Election week was stressful in Pennsylvania. Will future elections look the same?

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An application for a mail-in ballot on a tan clipboard.

An application for a mail-in ballot at a satellite election office in Allegheny County. (Photo by Ryan Loew/PublicSource)

Pennsylvania was shoved into the spotlight of the week-long, real-life drama of an election unlike any other in modern history. Counties worked around the clock for days to tabulate a record number of mail-in ballots, and the nation waited to learn the fate of the commonwealth’s 20 electoral votes.

Cable news viewers across the world became intimately familiar with local geography, such as the voting tendencies of Philadelphia’s “collar counties” and Erie’s status as a presidential bellwether. Lt. Gov. John Fetterman caught national attention for saying that President Donald Trump could “sue a ham sandwich” and that every vote would be counted despite Trump’s protests. 

Is this our new normal? Every four years, will the country watch as Pennsylvania spends five days, or more, counting mail-in ballots? Will the populace be subjected to a sea of disinformation while it slowly sifts through election returns?

Experts say it depends in large part on the state legislature and the post-pandemic behavior of voters — two things that aren’t very predictable.

President-elect Joe Biden won Pennsylvania by more than 80,000 votes and received more votes nationwide than any presidential candidate in history. Election observers and experts say the nation’s elections system underwent a massive stress test and — despite challenges and unfounded conspiracy theories — passed.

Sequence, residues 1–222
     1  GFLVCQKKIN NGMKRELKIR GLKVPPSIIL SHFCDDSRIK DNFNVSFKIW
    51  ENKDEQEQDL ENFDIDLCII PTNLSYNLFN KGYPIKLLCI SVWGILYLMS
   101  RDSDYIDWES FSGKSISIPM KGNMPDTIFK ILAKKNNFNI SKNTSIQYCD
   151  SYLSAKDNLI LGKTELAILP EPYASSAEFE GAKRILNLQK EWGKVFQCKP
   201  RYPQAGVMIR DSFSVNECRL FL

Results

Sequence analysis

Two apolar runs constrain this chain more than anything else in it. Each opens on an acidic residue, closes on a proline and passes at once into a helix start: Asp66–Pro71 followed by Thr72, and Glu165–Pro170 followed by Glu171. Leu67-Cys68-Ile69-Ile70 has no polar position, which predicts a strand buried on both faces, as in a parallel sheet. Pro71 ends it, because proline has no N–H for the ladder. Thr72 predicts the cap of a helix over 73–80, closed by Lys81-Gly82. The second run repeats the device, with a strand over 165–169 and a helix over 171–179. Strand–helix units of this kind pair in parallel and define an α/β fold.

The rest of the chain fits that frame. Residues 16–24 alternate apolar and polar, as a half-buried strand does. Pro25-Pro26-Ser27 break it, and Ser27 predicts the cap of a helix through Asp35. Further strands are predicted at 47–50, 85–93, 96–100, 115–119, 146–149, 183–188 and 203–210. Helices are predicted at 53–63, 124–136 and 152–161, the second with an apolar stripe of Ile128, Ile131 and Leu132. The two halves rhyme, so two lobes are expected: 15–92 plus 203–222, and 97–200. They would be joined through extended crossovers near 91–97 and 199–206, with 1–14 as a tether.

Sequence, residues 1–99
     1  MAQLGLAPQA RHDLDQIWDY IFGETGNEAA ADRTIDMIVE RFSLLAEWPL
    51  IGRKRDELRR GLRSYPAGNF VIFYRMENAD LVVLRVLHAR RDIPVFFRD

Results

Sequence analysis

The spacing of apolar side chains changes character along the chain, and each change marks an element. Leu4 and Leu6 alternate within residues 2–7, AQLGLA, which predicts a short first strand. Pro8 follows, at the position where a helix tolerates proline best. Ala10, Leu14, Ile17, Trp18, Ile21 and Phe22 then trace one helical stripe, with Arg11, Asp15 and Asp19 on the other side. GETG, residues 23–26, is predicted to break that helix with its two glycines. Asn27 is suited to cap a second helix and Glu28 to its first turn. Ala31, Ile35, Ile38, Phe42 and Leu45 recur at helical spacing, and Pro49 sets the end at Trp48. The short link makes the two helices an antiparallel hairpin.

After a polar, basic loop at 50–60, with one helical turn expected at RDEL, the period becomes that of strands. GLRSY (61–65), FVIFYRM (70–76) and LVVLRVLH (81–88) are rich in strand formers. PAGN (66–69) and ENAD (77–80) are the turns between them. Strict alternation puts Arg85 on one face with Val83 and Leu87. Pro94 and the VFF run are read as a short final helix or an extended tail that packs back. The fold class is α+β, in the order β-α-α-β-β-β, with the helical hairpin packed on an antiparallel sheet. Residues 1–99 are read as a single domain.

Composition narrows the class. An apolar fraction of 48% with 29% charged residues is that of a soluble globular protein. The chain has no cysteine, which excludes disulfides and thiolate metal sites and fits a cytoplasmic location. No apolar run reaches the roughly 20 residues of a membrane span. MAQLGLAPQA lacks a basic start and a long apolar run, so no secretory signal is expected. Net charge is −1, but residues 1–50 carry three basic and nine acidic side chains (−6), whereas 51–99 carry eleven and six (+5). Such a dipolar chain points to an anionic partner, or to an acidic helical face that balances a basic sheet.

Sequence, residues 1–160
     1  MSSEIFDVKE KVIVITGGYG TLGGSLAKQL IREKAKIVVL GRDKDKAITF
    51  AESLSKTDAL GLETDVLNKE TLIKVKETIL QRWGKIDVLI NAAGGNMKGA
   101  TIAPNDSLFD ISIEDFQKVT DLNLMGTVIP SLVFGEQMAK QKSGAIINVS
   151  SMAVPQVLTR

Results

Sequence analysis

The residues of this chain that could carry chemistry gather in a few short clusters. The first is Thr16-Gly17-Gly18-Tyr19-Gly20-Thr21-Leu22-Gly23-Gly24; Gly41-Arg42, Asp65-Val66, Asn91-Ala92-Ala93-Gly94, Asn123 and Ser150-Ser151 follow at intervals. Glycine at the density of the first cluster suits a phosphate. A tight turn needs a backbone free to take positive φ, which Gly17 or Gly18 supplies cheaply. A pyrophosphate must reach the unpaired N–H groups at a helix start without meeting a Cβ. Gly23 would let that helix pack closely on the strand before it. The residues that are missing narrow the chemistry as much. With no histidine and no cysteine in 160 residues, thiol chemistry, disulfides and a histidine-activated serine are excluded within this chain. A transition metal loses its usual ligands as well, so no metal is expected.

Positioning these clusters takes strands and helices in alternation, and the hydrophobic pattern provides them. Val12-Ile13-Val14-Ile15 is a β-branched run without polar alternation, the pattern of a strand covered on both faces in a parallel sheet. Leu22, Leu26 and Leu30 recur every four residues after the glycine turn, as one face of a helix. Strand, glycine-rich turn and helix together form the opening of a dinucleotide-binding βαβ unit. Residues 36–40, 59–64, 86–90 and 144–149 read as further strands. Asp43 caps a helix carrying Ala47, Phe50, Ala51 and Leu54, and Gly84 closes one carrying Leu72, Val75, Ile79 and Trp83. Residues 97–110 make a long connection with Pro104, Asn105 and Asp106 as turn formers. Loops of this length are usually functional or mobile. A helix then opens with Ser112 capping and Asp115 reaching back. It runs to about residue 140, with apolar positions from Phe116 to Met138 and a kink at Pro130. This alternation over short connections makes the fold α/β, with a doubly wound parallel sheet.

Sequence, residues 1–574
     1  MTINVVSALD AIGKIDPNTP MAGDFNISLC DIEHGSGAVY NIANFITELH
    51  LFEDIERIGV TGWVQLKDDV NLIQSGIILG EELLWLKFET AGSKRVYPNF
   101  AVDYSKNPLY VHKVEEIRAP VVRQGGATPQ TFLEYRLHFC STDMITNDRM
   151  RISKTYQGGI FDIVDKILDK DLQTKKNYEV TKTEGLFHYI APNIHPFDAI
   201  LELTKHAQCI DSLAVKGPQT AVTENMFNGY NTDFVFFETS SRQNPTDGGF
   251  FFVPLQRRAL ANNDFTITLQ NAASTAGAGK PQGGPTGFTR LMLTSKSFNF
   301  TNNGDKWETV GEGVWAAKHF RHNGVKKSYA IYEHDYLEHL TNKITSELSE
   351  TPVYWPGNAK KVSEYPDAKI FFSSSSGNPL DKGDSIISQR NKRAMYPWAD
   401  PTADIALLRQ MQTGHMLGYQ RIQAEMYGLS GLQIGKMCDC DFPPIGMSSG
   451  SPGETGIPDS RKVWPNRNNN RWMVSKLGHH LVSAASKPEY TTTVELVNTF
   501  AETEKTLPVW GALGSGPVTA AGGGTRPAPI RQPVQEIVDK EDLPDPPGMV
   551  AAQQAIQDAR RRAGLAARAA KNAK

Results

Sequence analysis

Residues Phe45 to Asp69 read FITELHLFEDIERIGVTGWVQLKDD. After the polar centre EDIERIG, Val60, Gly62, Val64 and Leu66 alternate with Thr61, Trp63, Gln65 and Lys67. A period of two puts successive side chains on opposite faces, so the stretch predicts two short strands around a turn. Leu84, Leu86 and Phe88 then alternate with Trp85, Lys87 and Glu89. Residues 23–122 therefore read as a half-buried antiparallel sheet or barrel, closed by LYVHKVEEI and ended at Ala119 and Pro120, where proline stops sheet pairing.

“I think the commonwealth did a pretty good job of executing an election under incredibly trying circumstances,” said Chris Deluzio, policy director of the University of Pittsburgh Institute for Cyber Law, Policy, and Security. He said between the pandemic, many counties using new voting machines for the first time, and the transition to mail-in voting, "it was a very difficult set of circumstances. And I think despite that, we saw an election that was executed pretty well.”

This hasn’t stopped prominent Republicans, including Trump, from making false claims and baseless allegations of fraud in Pennsylvania and elsewhere. PublicSource and many other outlets reported before the election that in-person, Election Day votes would be reported on Nov. 3 and mail-in ballots would be reported over a period of several days after that. Most of the suspense and shift in vote tallies during election week was foreseen. 

Here’s what can be predicted about future elections in Pennsylvania.

‘Mail voting is here to stay in Pennsylvania’

Pennsylvania’s ballots took so long to count because the state shattered its previous record for votes cast by mail, and the process for counting those is much slower. The surge in mail-in voting was caused by the aversion of many voters to crowded public places during a pandemic. But don’t expect vote-by-mail rates to see a big drop as soon as the pandemic subsides, whenever that may be. 

“I would be confident that a very large number of Pennsylvanians are going to continue to vote this way,” said Patrick Christmas, the policy director of the good-government nonprofit Committee of Seventy. “I think they’re going to appreciate the convenience of receiving their ballots at home, taking their time to review the candidates, the offices, the ballot questions if there are any, and then having ample opportunity to return it.”

The reason so few Pennsylvanians voted by mail before 2020 is that it was not an option for most voters until last year. Until the state legislature passed Act 77 in 2019, only those with a narrow set of excuses could request an absentee ballot. 

“It's not just the pandemic, it’s the fact that this was the first year,” said Bethany Hallam, a Democratic Allegheny County Council member who sits on the county’s Board of Elections. “We don’t have any other elections to compare this to … we can’t compare this year’s mail-in numbers to last [election’s] absentee and overseas numbers. It’d be like comparing apples to oranges.”